A footpath (also pedestrian way, walking trail, nature trail) is a type of thoroughfare that is intended for use only by pedestrians and not other forms of traffic such as motorized vehicles, cycles, and horses. They can be paths within an urban area, or rural paths through the countryside. Urban footpaths are usually paved, may have steps, and can be called alleys, lanes, steps, etc. In England and Wales, there are rights of way on which pedestrians have a legally protected right to travel.
The term footpath can also describe a pavement/sidewalk in some English-speaking countries.
Many footpaths require some maintenance. Most rural paths have an earth or grass surface with stiles, and or gates, including kissing gates. A few will have stepping stones, fords, or bridges. Urban footpaths may be constructed of masonry, brick, concrete, asphalt, cut stone or wood boardwalk. Crushed rock, decomposed granite, fine wood chips are also used. The construction materials can vary over the length of the footpath and may start with a well constructed hard surface in an urban area, and end with an inexpensive soft or loose surface in the countryside. Stairs or steps are sometimes found in urban alleys, or cliff paths to beaches.
The main issues in urban areas include maintenance, litter, crime, and lighting after dark. In the countryside there are issues relating to conflicts between walkers and livestock, and these occasionally result in people being injured or even killed. Dogs often contribute to such conflicts - see Dogs (Protection of Livestock) Act 1953. Also footpaths in remote locations can be difficult to maintain and a route along a country path can be impeded by ploughing, crops, overgrown vegetation, illegal barriers (including barbed wire), damaged stiles, etc.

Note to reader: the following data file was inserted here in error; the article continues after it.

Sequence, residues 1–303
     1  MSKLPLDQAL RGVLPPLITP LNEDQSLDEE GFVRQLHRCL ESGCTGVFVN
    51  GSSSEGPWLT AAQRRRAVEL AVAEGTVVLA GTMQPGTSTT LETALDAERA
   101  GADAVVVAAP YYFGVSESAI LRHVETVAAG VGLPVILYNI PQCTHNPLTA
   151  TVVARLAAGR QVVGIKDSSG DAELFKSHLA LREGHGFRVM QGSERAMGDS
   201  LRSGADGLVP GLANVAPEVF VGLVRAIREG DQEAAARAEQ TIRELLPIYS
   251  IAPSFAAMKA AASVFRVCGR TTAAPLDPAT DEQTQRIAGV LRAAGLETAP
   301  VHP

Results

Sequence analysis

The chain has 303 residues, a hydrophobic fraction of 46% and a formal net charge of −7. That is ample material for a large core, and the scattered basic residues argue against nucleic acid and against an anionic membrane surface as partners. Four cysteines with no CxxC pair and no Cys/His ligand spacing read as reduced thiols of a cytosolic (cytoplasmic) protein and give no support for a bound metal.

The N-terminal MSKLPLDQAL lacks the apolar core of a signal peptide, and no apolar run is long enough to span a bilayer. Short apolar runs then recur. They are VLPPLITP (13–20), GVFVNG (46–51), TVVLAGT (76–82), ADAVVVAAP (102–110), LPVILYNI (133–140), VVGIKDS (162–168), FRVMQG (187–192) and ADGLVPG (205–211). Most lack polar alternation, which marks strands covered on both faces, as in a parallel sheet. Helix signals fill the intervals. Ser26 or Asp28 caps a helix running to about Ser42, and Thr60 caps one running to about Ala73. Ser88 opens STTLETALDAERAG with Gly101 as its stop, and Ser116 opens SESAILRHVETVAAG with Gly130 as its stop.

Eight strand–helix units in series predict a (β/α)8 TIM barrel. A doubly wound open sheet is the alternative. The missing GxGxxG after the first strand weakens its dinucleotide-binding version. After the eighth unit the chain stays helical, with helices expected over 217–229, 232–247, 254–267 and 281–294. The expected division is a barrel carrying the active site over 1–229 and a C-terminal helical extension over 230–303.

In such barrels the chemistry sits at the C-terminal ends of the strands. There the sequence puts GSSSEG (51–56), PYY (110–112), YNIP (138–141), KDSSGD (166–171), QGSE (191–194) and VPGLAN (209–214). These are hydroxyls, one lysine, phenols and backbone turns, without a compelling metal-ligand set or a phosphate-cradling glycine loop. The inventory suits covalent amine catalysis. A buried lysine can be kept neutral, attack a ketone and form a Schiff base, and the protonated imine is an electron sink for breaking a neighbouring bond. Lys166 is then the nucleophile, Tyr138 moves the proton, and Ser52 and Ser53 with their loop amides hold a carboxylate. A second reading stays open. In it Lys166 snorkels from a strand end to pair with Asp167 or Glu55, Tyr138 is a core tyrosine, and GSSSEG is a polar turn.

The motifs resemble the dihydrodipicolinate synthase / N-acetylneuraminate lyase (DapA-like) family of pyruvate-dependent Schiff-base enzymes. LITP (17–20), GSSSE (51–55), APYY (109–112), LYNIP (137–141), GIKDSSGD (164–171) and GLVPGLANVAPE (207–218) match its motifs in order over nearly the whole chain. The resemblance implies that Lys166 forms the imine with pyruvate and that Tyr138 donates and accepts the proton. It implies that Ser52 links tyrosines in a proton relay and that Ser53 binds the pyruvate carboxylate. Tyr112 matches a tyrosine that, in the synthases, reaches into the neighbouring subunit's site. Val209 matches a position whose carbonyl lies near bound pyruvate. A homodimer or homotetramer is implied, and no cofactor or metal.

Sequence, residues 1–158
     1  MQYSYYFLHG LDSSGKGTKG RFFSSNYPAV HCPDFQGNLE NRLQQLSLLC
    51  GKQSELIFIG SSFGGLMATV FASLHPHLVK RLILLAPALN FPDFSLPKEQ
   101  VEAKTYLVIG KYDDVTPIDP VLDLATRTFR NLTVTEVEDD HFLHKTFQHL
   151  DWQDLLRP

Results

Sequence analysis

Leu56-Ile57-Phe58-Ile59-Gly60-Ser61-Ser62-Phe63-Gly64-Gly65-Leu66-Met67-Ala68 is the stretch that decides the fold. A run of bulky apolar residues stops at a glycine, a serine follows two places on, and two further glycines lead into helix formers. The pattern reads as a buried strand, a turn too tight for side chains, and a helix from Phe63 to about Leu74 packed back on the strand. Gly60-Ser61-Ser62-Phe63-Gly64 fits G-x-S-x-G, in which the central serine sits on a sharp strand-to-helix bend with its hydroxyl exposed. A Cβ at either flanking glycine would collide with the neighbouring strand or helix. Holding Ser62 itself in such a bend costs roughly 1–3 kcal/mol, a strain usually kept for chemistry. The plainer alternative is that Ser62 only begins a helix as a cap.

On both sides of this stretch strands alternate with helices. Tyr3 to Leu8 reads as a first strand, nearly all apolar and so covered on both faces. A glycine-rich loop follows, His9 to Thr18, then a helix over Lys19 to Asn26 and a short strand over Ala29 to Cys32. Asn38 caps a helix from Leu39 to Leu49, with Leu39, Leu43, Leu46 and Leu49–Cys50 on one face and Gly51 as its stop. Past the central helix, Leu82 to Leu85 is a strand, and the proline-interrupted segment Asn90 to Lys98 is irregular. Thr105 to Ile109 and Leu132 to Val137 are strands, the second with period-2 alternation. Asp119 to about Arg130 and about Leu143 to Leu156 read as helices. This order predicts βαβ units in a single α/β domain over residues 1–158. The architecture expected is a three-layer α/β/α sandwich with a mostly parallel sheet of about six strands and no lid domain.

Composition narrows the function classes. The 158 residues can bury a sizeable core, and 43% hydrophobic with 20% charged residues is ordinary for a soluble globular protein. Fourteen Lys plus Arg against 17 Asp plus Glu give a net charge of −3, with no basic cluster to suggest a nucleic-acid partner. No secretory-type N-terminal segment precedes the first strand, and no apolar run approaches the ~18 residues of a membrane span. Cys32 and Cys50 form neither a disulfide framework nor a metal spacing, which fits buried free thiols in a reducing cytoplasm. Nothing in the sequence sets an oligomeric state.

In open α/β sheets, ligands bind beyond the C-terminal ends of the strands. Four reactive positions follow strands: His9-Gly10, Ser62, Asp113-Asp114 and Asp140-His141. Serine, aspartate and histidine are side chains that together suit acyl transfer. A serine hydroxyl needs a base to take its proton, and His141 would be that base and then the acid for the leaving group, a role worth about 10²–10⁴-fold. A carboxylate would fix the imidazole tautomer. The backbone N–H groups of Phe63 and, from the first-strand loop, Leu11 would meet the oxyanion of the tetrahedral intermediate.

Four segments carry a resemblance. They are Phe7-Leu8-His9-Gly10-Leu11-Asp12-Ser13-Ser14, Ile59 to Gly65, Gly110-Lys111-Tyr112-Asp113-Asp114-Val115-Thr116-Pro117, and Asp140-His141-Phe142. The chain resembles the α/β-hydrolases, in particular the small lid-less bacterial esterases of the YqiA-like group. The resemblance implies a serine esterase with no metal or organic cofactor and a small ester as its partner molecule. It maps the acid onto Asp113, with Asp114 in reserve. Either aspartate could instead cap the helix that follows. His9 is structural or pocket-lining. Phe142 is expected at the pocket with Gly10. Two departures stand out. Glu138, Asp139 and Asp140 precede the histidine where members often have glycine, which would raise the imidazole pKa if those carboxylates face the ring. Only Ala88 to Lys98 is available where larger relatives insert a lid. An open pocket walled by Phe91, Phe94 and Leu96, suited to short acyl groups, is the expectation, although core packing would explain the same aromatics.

Definitive path maps
Footpaths and other rights of way in England and Wales are shown on definitive maps. A definitive map is a record of public rights of way in England and Wales. In law it is the definitive record of where a right of way is located. The highway authority (normally the county council, or unitary authority in areas with a one-tier system) has a statutory duty to maintain a definitive map, though in national parks the National Park Authority usually maintains the map. The Inner London boroughs are exempt from the statutory duty though they have the powers to maintain a map: currently none does so.
Types of footpaths
Footpaths can be located in different settings for various uses. These can include:
- Parks: including public spaces, urban parks, neighborhood parks, linear parks, botanic gardens, arboretum, and regional parks.
- Gardens and designed landscapes: in private gardens and in public areas; and at park visitors centers as natural history interpretive nature trails in designed wildlife gardens.
- Sculpture gardens and open air museums, as sculpture trails and historic interpretive trails.
- Wilderness trails, such as a day trail or long-distance trail, including those within a protected nature reserves, and national parks.
- jogging or running paths.
- Disability and wheelchair accessible paths in sensory gardens in all the above settings.
- The terms "shared-use path", "separated-use path" or "multi-use path" may be used, if pedestrians and other forms of traffic make use of the same thoroughfare.
- The dictionary definition of footpath at Wiktionary
- Footpath Map — a map of footpaths in the UK <http://footpathmap.com>